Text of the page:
ADHD Awareness Month is celebrated every October with events and activities happening all across the country and now, around the world. As it kicks off, we thought it it would be appropriate to share a brief history of ADHD.
Attention deficit hyperactivity disorder (ADHD) is a common neurobehavioral disorder most commonly diagnosed in children. Statistics published by the Centers for Disease Control and Prevention show that the average age at diagnosis is 7. While boys are more than twice as likely to be diagnosed with ADHD than girls, it is not clear whether this is due to a true gender-based prevalence in boys or a failure to diagnose girls because their symptoms present differently. Adults can develop symptoms and be diagnosed as well.
ADHD was originally called hyperkinetic impulse disorder and it was not until the late 1960s that the American Psychiatric Association (APA) formally recognized ADHD as a mental disorder. Below is a timeline for ADHD developed by Healthline.
Early 1900s – ADHD was first identified in 1902 by British pediatrician Sir George Still. He described the condition as “an abnormal defect of moral control in children.” He found that some affected children could not control their behavior in the same way a typical child would. He did note, however, that these children were still intelligent.
1930s – Dr. Charles Bradley stumbled across some unexpected side effects of the medicine Benzedrine shortly after its approval for use by the FDA in 1936. He found that the behavior and performance in school of young patients improved when he gave it to them. While Bradley’s contemporaries mostly ignored his findings, physicians and researchers later recognize the benefit of what Bradley had discovered.
1950s – The APA issued its first edition of the Diagnostic and Statistical Manual of Mental Disorders (DSM) in 1952. This manual listed all of the recognized mental disorders. It also included known causes, risk factors, and treatments for each condition. However, the APA failed to recognize ADHD in the first edition. In 1955, the FDA approved the psychostimulant Ritalin (methylphenidate) which later became popular as an ADHD treatment as the disorder became better understood and diagnoses increased.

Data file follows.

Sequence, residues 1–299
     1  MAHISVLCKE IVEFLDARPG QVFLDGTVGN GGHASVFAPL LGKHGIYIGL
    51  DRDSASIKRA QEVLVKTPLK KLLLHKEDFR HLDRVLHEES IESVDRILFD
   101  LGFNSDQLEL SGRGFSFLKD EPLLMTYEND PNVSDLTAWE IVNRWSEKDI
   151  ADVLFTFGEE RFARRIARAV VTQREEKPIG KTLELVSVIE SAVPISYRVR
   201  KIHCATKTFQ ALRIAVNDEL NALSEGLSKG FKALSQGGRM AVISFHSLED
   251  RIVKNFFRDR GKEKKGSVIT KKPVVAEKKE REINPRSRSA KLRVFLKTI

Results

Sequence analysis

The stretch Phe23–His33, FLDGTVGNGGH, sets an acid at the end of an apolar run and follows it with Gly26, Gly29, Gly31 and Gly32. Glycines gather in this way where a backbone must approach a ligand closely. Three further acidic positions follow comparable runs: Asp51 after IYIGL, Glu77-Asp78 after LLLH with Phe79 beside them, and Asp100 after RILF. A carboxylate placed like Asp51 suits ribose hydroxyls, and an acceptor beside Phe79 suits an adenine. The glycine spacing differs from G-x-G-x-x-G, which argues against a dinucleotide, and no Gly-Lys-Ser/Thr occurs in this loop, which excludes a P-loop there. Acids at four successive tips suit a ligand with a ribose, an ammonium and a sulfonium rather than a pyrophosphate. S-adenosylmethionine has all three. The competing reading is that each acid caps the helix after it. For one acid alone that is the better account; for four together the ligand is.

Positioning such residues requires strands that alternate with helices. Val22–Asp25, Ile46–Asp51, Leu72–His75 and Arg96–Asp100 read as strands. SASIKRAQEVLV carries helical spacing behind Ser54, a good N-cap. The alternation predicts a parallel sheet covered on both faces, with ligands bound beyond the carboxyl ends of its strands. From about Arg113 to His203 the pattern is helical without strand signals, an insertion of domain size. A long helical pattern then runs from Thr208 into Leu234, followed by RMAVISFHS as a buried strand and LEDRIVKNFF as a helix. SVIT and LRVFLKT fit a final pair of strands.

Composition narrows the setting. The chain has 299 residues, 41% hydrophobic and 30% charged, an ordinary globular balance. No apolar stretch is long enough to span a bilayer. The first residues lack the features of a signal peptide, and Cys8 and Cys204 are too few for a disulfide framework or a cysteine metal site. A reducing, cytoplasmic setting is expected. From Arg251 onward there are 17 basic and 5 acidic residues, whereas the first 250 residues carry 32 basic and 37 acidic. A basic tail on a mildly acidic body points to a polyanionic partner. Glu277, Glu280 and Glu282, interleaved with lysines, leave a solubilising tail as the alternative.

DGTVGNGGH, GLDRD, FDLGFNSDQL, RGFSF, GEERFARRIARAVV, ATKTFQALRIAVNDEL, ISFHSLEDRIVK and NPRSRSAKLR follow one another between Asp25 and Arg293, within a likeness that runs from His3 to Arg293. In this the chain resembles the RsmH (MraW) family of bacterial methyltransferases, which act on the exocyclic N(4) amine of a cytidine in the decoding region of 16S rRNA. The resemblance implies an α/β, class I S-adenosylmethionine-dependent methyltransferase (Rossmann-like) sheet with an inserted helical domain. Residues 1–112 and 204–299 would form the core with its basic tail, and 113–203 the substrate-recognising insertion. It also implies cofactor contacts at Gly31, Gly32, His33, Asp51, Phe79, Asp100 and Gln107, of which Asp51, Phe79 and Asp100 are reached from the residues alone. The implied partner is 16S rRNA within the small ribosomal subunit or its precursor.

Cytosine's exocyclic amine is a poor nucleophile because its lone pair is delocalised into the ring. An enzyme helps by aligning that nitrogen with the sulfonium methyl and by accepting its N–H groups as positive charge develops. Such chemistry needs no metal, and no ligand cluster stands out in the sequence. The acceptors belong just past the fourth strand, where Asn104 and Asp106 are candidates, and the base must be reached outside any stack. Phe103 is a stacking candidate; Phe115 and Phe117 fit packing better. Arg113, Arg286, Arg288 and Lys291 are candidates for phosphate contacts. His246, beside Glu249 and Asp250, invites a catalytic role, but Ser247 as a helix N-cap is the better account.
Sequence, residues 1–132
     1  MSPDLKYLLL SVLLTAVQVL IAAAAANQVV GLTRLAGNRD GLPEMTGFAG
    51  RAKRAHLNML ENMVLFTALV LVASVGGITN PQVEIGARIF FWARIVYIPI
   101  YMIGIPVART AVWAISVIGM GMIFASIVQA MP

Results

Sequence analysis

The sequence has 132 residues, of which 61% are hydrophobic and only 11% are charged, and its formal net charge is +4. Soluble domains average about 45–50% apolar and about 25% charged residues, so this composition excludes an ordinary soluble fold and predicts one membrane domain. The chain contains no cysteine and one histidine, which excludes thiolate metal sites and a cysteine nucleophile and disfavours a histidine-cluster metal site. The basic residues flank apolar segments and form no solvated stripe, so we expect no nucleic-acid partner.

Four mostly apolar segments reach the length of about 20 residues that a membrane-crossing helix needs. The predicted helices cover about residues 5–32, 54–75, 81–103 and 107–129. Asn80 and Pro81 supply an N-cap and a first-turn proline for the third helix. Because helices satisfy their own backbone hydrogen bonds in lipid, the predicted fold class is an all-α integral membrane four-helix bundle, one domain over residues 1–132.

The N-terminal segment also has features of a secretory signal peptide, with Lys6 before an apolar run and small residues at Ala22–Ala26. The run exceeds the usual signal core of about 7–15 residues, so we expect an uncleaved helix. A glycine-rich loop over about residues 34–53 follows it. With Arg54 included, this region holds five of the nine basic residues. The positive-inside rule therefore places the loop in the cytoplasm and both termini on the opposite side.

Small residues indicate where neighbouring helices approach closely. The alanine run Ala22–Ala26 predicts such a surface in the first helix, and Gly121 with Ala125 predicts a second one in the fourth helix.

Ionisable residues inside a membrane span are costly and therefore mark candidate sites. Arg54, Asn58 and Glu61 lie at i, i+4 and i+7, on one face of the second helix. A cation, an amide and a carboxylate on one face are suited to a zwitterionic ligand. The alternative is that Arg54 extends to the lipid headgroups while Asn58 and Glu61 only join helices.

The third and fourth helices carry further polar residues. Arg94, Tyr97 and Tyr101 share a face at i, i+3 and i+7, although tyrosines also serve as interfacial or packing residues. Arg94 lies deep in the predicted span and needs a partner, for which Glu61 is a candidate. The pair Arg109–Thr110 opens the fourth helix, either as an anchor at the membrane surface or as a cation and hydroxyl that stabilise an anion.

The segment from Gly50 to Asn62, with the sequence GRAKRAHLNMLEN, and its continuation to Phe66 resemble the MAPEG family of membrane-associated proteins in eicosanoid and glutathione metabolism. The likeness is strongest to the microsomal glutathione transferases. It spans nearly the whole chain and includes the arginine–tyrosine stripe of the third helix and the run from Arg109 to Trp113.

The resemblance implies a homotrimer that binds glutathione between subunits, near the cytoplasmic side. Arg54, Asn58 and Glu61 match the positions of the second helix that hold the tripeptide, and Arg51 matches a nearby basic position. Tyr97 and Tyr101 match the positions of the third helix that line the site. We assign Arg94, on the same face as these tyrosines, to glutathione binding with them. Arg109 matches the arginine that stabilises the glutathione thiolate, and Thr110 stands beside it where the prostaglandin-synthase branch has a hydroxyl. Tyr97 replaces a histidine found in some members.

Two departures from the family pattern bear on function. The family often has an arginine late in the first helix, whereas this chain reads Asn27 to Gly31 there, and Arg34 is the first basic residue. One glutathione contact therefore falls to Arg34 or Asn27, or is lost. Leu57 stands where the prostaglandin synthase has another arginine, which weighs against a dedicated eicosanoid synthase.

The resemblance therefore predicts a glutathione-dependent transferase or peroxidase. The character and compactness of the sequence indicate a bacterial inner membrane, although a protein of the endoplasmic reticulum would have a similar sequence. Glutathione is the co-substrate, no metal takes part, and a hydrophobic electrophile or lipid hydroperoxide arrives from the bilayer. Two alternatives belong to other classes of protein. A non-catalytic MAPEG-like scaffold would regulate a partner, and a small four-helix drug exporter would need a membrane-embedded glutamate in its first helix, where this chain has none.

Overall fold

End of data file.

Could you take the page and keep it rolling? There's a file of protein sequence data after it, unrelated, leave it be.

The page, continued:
1980s – The APA released a third edition of the DSM, (DSM-III), in 1980. In that edition, hyperkinetic impulse disorder was changed to attention deficit disorder (ADD). At that time, scientists believed that hyperactivity was not a common symptom of the disorder. In the DSM listing, there were two subtypes of ADD: ADD with hyperactivity, and ADD without hyperactivity. The APA released a revised version of the DSM-III in 1987. The hyperactivity distinction was removed and the name changed to attention deficit hyperactivity disorder (ADHD). The APA combined the three symptoms (inattentiveness, impulsivity, and hyperactivity) into a single type and did not identify any subtypes of the disorder.
1990s – The number of ADHD cases began to climb significantly in the 1990s. Researchers posited that several factors were responsible for the rise in diagnoses:
- doctors were able to diagnose ADHD more efficiently
- more parents were aware of ADHD and are reporting their children’s symptoms
- more children were actually developing ADHD
New medications to treat the disorder became available as the number of ADHD cases rose. The medications also became more effective at treating ADHD. Many provided longer periods of relief from symptoms for patients.
Today – In 2000, the fourth edition of the DSM established the three subtypes used by healthcare professionals today:
- combined type ADHD
- predominantly inattentive type ADHD
- predominantly hyperactive-impulsive type ADHD
Today, health researchers are investigating the causes of ADHD as well as possible treatments. Research indicates a strong genetic link. Children who have parents or siblings with the disorder are more likely to have it. It is not currently understood what role environmental factors play in determining who develops ADHD.